In this exclusive audio montage Emmy Winner Charlotte Robinson, Host of OUTTAKE VOICES™, talks with filmmakers and celebrities at the 26th annual Boston LGBT Film Fest which runs through May 16th. Russian born Director Evgeny Afineevsky’s debut feature film “Oy Vey! My Son is Gay”, a romantic comedy about a Jewish mother who discovers that her son is gay, received rave reviews. It stars comedic actress Lainie Kazan (“Ugly Betty”, “My Big Fat Greek Wedding”, and “Beaches”), Hollywood iconic writer and actor Bruce Vilanch, the fabulous Carmen Electra, and Queer Eye’s Jai Rodriguez. Director Afineevsky and star Bruce Vilanch were in attendance. We talked with Bruce Vilanch to get his political spin about the making of the movie and more. Breaking records at film festivals internationally, next month “Oy Vey! My Son is Gay”, will be one of the first gay films ever screened in Moscow where merely participating in gay pride celebrations can lead to being arrested and assaulted.
We also caught up with Director J.C. Calciano whose film “Is It Just Me?” takes us on a romantic comedic theme in the classic scenario to see if brains wins over beauty. The film stars Nicolas Downs, David Loren and Adam Huss. In this exclusive audio interview Calciano explains his movie is just about love.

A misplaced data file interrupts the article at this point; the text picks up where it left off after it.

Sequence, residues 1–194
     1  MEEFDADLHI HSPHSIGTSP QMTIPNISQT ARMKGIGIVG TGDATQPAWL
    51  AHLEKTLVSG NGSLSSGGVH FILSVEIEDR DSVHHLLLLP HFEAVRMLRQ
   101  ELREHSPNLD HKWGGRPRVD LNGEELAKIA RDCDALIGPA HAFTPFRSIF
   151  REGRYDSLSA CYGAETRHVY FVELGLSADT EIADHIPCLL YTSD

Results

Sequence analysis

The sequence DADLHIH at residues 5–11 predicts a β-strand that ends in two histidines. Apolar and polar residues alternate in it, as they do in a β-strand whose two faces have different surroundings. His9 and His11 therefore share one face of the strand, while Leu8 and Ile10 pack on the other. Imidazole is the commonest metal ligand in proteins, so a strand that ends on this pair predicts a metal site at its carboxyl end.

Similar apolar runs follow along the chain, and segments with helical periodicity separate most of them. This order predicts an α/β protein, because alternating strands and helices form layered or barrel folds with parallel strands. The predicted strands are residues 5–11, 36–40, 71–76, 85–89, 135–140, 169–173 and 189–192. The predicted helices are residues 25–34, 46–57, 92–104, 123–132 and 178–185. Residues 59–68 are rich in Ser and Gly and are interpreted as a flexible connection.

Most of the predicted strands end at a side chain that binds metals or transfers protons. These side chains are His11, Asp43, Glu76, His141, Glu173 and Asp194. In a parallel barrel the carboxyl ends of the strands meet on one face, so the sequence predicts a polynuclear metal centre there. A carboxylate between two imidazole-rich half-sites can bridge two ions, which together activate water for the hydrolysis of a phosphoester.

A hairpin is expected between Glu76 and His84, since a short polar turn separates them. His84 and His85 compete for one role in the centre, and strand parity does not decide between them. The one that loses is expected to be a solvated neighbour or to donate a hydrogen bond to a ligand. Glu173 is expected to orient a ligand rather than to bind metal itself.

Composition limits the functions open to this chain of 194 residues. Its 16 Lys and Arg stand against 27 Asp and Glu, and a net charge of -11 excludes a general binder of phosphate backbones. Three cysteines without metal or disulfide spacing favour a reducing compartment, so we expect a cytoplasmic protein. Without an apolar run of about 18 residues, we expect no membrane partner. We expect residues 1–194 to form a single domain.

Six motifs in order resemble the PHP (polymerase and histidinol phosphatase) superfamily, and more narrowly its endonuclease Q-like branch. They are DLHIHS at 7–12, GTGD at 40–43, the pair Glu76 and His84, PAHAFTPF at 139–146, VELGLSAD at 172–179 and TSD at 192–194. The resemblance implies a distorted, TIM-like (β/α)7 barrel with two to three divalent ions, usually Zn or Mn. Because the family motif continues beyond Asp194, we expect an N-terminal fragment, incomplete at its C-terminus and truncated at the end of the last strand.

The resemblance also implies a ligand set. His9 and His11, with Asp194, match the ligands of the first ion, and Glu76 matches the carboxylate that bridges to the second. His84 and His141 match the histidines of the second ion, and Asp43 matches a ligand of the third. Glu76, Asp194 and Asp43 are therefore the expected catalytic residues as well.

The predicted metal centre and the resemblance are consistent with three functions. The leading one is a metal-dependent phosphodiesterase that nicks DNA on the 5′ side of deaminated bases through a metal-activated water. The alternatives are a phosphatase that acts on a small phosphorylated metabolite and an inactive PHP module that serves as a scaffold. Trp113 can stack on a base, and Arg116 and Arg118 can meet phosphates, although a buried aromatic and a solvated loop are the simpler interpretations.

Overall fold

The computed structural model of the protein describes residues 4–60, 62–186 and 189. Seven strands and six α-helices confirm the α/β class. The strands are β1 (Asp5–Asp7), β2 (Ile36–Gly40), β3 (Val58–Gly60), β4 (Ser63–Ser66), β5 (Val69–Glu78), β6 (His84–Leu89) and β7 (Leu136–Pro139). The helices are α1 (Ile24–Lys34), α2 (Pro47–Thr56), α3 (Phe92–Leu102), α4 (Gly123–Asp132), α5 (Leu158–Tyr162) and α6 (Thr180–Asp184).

“Beyond Gay: The Politics of Pride” which opened the festival is Director Bob Christie’s moving documentary about Gay Pride marches and festivals happening all over the world, sometimes under heavy opposition and violence. This feature length documentary follows the Vancouver Pride Society’s (VPS) Parade Director Ken Coolen and his VPS colleagues as they travel to places where Pride is still steeped in protest to personally experience the rampant homophobia that still exists. What occurred in Moscow a few short years ago really makes you think about how far we have advanced in North America. They also travel to Sao Paulo Brazil for the world’s largest gay parade and to New York City, the birthplace of the modern gay liberation movement after the Stonewall Riots of 1969.
Boston LGBT Film Fest was founded 26 years ago by film programmer George Mansour who shared with us his experiences of what it was like to be gay in the mid-twentieth century to present day. We had an interesting conversation discussing LGBT civil rights and agendas joined by Aliza Shapiro who curates the festival program “The Experiment”, which is a delicious mix of subversion, sexuality, and humorous films.
The Boston LGBT Film Festival is an important LGBT event that should not be missed. There are still great LGBT movies and events running all this week in Boston at the Museum of Fine Arts and the Fenway Community Health Center. In Cambridge films are showing at the Brattle Theater.
For More Info & Tix: BostonLGBTfilmfest.org
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